Most mornings of her Critical Language Scholarship (CLS) Program in India, Esha Mehta would wake early and catch a rickshaw with her roommate to her Hindi classes. The morning she remembers most, however, happened at sunrise while on an excursion to Pushkar in Rajasthan, India. Mehta, who is blind and an avid hiker, joined others from the American group to hike to an old temple. Dressed in traditional Indian clothes, Esha trusted her feet, as she usually does, to guide her along the rocky way and up many stairs.
“When we got to the top, it was really beautiful. My friend Nicole was tracing my hand along the horizon as the sun was rising and telling me what it looked like. Then I asked everyone to stop talking and to experience nature with their eyes closed, just listening to the birds and other sounds.” For Esha this type of interpersonal exchange creates an opportunity to educate and learn; something that occurred frequently on her U.S. Department of State-sponsored CLS program.
In one of the remaining Arabic fishing villages on the coast of Israel, Jisr Az’Zarqa, Tory Sampson and her best friend found themselves in a rundown, corrugated steel restaurant. It had “the most amazing” fish dishes. Afterwards, they wandered into a shisha (hookah) bar, and ended up watching a soccer game between Barcelona and Real Madrid with the locals. For Tory, who was studying abroad in Israel for seven months, this day offered up a surreal moment still vivid in her mind. Yet, it is just one of many memories in Israel and beyond.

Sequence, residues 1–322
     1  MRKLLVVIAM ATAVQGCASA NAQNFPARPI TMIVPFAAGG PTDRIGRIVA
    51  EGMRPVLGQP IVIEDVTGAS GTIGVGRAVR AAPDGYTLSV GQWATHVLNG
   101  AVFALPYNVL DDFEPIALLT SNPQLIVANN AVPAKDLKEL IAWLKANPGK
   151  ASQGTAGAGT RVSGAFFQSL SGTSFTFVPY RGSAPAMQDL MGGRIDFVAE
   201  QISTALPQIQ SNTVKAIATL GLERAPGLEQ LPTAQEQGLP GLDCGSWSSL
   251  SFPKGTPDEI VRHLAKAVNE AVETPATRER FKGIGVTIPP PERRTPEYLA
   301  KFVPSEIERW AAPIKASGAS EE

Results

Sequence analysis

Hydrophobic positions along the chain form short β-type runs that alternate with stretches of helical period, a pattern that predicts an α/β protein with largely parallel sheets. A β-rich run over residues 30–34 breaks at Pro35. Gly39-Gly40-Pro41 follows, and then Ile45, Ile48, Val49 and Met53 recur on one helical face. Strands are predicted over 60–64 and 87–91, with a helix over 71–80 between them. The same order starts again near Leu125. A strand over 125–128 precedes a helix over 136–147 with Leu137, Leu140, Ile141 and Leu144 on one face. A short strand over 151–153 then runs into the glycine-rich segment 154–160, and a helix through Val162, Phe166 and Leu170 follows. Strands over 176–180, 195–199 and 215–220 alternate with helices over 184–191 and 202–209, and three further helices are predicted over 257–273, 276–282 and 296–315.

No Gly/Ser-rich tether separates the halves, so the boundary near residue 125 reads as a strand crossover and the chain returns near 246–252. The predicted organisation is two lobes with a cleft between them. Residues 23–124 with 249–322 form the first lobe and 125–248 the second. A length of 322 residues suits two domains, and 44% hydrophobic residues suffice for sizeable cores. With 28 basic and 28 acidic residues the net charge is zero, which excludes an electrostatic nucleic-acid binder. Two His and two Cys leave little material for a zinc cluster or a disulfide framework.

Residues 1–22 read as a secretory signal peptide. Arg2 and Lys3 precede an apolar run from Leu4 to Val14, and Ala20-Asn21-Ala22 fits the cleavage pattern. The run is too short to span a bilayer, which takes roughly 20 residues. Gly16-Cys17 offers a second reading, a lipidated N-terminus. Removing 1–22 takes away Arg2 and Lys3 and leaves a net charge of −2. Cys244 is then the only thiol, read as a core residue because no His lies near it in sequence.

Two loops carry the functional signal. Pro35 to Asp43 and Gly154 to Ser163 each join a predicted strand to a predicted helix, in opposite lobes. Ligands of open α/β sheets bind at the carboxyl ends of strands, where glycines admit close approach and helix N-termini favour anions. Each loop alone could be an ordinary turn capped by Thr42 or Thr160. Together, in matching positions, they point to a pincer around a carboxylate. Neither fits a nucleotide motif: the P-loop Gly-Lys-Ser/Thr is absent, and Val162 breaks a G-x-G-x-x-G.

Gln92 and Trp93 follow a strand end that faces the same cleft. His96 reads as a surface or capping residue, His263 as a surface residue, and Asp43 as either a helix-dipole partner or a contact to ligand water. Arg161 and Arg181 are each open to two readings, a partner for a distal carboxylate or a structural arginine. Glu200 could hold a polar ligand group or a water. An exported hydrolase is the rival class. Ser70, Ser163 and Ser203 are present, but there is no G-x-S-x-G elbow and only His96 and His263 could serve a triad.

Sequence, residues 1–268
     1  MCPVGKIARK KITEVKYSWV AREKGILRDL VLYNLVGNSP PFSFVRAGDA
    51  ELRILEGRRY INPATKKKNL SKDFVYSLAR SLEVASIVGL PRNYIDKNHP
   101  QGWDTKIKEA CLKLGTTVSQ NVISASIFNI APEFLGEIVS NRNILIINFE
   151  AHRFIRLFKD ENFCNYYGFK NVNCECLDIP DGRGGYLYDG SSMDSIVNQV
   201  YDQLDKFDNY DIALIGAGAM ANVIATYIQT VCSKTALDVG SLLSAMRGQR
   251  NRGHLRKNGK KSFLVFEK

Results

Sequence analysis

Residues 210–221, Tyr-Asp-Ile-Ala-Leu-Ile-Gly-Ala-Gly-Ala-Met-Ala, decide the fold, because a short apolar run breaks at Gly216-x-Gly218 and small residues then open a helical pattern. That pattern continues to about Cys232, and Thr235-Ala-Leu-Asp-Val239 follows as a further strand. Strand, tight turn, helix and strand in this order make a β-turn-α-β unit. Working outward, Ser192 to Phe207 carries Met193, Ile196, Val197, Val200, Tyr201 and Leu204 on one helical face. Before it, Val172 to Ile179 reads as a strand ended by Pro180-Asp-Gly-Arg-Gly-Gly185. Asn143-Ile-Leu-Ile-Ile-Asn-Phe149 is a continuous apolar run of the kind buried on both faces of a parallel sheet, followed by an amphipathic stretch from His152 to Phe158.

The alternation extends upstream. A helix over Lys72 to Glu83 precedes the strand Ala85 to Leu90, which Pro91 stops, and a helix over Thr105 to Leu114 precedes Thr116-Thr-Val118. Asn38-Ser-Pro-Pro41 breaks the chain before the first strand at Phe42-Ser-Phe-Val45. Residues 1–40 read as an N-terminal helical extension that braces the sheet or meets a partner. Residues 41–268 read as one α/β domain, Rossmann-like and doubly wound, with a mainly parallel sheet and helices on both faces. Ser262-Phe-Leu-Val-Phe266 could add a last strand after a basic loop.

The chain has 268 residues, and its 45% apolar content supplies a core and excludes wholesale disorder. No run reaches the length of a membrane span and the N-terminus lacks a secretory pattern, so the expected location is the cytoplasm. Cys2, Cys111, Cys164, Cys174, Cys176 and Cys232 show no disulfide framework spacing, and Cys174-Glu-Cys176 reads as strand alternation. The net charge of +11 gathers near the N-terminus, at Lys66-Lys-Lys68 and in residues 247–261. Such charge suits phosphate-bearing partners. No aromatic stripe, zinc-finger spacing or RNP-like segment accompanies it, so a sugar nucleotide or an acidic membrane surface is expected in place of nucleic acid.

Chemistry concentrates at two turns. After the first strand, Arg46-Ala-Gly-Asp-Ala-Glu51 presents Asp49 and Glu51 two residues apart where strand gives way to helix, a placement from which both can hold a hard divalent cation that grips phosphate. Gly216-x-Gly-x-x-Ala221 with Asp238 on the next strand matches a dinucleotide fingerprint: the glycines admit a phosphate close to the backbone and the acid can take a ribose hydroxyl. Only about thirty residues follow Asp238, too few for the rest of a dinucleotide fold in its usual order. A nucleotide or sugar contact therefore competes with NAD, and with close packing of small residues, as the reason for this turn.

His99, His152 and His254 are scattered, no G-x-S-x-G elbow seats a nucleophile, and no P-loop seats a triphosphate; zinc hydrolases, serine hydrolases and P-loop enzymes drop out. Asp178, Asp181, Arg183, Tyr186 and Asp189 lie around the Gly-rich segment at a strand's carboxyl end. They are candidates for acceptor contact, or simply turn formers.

When Christie Gilson received an offer to teach at Moravian College in Pennsylvania, she was ready to make the move. “I was not at all intimidated by the thought of pulling up roots and moving far away from home by myself. After all, I had successfully done so in Hong Kong beforehand.”
When Muhammad, a U.S. Department of State-funded Kennedy-Lugar Youth Exchange and Study (YES) student from Pakistan, first arrived in the United States, he had no idea what to expect. But, he brimmed with excitement at the opportunity to experience life in America. His exchange experience was unique because he would be experiencing true immersion in not just one, but two non-native languages: English and American Sign Language (ASL).
You need to access the same information as everyone else who is on your exchange program or when navigating your new adventures overseas. The differences from home may mean you need to learn contracted Braille or specialized symbols specific to a foreign language.